Yeah, I should have let Mother Nature win that one. There’s wet, there’s “caught in a typhoon,” and then there’s what happened to me today. I set out for the Peace Park and attached museum in a fairly strong rain that got a lot worse before I made it out of the park. After Hiroshima everything on the nuclear war front is a little muted; my guidebook says that if you’ve been to the bigger museum in the north, much of what you encounter in Nagasaki will be redundant, and that’s a pretty fair assessment. I liked — if one can be said to like anything in this category — the memorials and museum in Hiroshima more, thought they generally did a better job of explaining things and telling stories.
The hypocenter of the explosion in Nagasaki is marked with a tall dark granite obelisk that I’m sure is much more impressive and interesting on a nice day. In the rain, it just looked tall and wet. To the northwest, a fragment of the grandest Catholic church in Asia (at the time of the bombing) stands intact. Unlike Hiroshima there isn’t a single iconic representation of the bombing in Nagasaki; the church wall fragment is probably the only thing that qualifies, and it hasn’t received nearly the amount of attention as genbaku-domu.
There is comparatively little detail in the Nagasaki museum about the history of the city, though it notes (as almost everything I’ve ever read about the city) that it was the first city in Japan to open up to international trade in the 17th century, and that it had a large foreign population, and that it had a large Christian population. More on this later. There are some very well-done exhibits that demonstrate exactly how big the fireball was, how the fires spread, where the blast pressures were, and, ultimately, what the radiation distribution patterns looked like. I had some minor techincal quibbles (for instance, they’re alpha and beta particles, not rays, and neutrons are neutrons, not neutron rays. A neutron ray is a comic book weapon and doesn’t mean anything. Neutron emission, on the other hand, is a serious problem.) For displays that don’t spare a lot of gruesome detail, they’re comparatively thin on scientific data — though the section on human effects had some excellent micrographs of both marrow and gastric epithelium. (They helpfully provided control samples of both so that people unfamiliar with micro pathology could see the difference. Sadly, the vast majority of people will walk away from this display and think, “Wow, that looks really.. different.” Which is perhaps to be expected: I can’t think of a quick way to explain what a neoplastic cell looks like, and why it’s bad, and how it’s different from a normal cell on microscopy.)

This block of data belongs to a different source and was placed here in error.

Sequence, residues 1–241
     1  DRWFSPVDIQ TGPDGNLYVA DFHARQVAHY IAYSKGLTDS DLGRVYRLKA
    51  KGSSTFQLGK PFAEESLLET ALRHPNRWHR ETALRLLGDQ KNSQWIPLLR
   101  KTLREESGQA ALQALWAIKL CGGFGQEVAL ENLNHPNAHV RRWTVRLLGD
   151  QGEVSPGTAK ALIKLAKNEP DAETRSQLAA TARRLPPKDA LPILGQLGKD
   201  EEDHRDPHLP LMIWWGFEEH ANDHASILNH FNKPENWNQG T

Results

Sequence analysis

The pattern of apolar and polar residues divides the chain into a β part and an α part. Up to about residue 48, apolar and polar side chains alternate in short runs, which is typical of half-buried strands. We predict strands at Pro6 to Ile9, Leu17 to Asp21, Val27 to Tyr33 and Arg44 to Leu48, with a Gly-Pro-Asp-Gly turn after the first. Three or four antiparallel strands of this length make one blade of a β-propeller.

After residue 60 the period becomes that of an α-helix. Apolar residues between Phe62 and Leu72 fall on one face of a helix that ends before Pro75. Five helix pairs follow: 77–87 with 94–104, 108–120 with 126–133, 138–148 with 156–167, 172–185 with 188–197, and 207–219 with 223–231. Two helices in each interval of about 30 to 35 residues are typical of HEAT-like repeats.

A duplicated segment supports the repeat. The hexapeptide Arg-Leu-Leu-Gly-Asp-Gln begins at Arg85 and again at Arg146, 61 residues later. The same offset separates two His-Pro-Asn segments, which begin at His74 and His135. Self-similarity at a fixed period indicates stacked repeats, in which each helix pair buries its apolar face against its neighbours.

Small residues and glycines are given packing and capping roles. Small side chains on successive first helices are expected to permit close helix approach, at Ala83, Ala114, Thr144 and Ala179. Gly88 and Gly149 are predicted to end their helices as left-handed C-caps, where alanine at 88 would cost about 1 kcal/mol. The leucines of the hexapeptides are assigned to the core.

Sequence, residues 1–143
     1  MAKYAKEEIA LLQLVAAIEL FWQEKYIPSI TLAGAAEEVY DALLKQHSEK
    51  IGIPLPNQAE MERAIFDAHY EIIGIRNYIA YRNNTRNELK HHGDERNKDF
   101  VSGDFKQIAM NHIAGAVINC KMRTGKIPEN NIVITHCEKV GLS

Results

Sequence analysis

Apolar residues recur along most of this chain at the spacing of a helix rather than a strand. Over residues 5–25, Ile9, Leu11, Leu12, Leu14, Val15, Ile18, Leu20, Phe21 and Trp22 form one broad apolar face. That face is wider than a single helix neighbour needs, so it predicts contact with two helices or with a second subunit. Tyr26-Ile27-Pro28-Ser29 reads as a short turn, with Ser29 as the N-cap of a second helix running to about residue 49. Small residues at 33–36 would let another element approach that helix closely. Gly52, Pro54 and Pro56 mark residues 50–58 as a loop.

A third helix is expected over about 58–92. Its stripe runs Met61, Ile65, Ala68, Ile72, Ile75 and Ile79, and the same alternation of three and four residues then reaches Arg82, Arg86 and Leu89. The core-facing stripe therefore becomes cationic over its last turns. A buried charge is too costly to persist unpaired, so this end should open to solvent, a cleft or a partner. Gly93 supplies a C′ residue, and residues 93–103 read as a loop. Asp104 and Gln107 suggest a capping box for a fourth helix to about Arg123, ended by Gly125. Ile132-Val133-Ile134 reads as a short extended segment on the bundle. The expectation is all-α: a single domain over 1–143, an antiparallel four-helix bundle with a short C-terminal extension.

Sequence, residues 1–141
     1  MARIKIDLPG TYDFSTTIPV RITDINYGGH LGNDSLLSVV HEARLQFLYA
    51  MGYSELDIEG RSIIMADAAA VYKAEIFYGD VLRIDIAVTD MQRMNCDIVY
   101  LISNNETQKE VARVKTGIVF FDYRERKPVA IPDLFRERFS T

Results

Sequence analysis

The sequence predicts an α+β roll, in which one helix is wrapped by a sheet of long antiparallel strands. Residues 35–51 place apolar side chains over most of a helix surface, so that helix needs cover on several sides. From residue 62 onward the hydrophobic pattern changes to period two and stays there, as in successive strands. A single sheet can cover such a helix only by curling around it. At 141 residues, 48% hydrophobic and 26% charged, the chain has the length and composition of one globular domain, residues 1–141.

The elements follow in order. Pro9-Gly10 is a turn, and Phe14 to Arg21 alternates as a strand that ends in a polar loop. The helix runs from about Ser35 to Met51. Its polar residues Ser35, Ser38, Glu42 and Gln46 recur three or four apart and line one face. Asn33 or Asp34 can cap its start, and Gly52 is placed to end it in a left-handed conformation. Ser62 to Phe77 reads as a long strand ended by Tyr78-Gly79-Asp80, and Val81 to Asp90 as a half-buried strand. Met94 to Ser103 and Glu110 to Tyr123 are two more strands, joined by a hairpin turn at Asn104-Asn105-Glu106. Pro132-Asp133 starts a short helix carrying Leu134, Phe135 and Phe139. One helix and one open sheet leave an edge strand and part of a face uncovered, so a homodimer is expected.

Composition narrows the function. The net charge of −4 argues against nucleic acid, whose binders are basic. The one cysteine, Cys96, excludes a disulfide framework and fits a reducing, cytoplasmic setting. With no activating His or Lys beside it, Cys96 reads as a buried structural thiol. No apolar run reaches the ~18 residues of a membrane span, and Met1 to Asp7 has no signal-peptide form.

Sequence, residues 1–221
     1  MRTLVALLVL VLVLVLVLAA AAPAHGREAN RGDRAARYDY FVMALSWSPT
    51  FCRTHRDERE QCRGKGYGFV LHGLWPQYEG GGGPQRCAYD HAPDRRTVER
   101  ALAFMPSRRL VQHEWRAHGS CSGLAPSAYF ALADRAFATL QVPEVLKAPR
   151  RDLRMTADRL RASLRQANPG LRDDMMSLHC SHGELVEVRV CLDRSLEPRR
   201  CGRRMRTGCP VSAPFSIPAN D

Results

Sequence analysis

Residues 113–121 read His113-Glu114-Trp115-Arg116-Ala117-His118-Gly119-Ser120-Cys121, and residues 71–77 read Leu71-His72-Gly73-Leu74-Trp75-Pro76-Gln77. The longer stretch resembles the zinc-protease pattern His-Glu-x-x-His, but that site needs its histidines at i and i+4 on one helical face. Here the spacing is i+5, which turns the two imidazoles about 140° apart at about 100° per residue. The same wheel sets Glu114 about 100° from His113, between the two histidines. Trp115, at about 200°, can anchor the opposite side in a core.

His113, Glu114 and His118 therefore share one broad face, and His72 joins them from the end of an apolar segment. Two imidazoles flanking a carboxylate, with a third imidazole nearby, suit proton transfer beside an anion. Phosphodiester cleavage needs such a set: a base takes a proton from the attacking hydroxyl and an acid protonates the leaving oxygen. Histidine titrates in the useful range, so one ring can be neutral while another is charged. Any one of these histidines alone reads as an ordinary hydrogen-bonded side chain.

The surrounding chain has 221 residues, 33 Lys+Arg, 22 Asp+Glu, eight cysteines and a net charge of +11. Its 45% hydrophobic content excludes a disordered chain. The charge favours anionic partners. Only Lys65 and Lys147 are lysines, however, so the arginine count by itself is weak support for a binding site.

Hiroshima is a more emotional museum. Nagasaki is a more in-your-face place. There really need to be warnings on the exhibits — kids don’t need to see this kind of stuff. I barely wanted to look. Chances are you’ve seen at least some of the footage and photographs, so I don’t need to elaborate. Whatever you’ve seen in a book or on TV, it’s way different when it’s been blown up to wall-size. If Hiroshima was designed to make you sad, Nagasaki seems designed to disgust you. Which might very well be the point.
Still, the Nagasaki museum has a number of things to recommend it, not the least of which is their excellent collection of what I’m calling “altered objects” — coins, glass, clothing, personal items that were caught in the blast and generally melted. The bottles, the coins, the porcelain.. it’s remarkable how they survived the blast force, but succumbed to the heat. The one that will probably disturb most people is the human hand that melted into a glass bottle and then fused with concrete, though I think if the label didn’t mention anything 95% of the visitors wouldn’t be able to tell. Ditto for the helmet with the skull inside. If you didn’t know what you were looking at, or what you were looking for, you’d never be able to say for sure.